Leadership’s Role in a Successful Employee Recognition Program

by Jennifer Miller on September 21, 2011

in Leadership

5 Ways Your Leadership Can Make a Difference

This is the second in a three-part series on employee recognition, written by guest contributor Cori Curtis, Certified Recognition Professional. The first in the series was Employee Recognition: Why the Lighter Side of Business has Serious Results.

Today, I’m writing to leaders. You may have dabbled in a recognition program here or there in the past, but maybe you didn’t realize the full impact of your participation until recently (or maybe my blog post helped change your mind!). Today, I’m going to focus on what you can do to make employee recognition a priority in your organization and have a measurable impact on your bottom line.

 As a leader, you can make the case for employee recognition. Do your homework and understand the challenges your organization faces. Present employee recognition as a solution for your organization and declare a goal that you believe you can achieve with a program in place. Your respected voice and authority can bring recognition to the forefront of business discussions.

As a leader, you have the ability to set the agenda. Make employee recognition a topic for discussion at your weekly meetings or collaborate with a co-worker to create a proposal for a new employee recognition program. Make employee recognition as important as any other business initiative by getting the topic on the agenda and showing your support.

As a leader, you can make change happen. When you practice employee recognition and make it a priority, other managers and employees will, too. Leading by example is a truly effective way to make change happen in your organization. Others already look to you to set an example. Make sure coworkers see you recognizing employees and peers, then watch appreciation spread throughout the organization.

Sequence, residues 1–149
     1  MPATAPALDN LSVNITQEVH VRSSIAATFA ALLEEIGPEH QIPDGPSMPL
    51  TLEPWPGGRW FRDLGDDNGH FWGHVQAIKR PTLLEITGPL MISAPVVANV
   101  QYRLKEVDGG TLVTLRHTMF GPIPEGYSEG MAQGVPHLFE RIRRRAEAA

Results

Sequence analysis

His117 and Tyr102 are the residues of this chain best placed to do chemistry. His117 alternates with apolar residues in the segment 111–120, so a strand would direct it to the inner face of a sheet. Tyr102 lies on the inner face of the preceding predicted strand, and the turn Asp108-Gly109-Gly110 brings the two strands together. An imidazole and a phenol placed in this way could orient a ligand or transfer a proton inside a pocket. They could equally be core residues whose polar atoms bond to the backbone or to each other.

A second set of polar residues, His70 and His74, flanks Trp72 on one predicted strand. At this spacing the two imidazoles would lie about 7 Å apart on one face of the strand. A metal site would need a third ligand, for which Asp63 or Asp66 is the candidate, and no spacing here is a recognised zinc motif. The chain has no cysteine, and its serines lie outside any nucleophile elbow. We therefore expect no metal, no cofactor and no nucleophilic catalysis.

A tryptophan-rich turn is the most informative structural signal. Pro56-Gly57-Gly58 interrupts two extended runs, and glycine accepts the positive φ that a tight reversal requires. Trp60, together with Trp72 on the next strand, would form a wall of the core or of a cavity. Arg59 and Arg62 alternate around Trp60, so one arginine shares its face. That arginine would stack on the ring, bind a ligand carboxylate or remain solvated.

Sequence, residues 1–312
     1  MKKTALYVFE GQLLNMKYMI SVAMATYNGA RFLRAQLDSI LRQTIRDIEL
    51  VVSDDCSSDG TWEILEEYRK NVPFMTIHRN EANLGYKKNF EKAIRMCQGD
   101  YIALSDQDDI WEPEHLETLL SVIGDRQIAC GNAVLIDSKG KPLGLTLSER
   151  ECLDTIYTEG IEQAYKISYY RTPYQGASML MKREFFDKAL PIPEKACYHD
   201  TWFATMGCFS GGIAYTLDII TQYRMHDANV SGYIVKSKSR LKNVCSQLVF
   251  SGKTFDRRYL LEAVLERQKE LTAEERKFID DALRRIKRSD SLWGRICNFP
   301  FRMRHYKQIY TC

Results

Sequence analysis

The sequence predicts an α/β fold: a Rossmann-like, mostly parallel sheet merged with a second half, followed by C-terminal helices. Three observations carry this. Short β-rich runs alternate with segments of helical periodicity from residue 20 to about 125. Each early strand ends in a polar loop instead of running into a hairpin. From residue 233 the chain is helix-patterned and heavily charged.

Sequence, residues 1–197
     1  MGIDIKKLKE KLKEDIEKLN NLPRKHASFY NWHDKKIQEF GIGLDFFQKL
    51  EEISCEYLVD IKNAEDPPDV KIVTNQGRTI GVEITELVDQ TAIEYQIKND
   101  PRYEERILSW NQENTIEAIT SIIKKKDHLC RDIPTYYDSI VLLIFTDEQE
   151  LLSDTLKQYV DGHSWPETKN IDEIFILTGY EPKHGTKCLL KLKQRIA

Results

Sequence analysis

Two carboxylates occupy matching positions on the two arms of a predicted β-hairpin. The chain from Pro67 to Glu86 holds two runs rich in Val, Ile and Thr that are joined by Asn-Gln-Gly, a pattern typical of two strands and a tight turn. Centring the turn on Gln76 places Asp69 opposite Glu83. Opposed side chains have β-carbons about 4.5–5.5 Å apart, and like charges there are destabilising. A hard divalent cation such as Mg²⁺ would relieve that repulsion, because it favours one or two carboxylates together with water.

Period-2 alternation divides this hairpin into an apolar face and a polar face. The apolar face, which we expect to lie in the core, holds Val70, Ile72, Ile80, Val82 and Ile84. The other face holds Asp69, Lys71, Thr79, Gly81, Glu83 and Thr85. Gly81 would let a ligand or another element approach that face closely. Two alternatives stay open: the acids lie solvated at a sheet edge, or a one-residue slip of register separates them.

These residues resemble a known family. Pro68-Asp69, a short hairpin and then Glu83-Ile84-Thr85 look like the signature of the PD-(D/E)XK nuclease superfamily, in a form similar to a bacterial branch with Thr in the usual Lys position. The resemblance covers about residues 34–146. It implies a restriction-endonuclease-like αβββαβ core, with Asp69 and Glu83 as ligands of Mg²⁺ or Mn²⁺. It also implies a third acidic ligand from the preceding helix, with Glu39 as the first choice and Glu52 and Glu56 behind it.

As a leader, you control the purse strings. There’s a lot to employee recognition that involves your action and support, but eventually your program will need resources to grow. Dedicate the necessary human and financial resources to make your program successful, and you’ll reap measurable business results, such as lowered absentee rate, and improved quality, productivity, retention, and customer service.

As a leader, you can keep the organization accountable. It’s well known in the business community that “what gets measured gets done.” Keep your organization on track with their recognition program by setting clear goals and reporting on them regularly. Ask supervisors to report every month on their recognition initiatives, improvements they’ve observed, or suggested modifications.

The key to being an effective leader of employee recognition initiatives is being committed. Believe in the practice of employee recognition, and you’ll be able to convince the organization that recognition means real business results.

Cori Curtis is a Certified Recognition Professional (CRP) and Marketing Communications Specialist at Baudville. She speaks at industry events about the strategy and benefits of employee recognition and blogs regularly on the topic on the Baudville Blog. Baudville, “the place for daily recognition”, is a leading provider of employee gifts and employee awards and has a robust Recognition Resource Center with articles, ideas, and resources on employee recognition.

 

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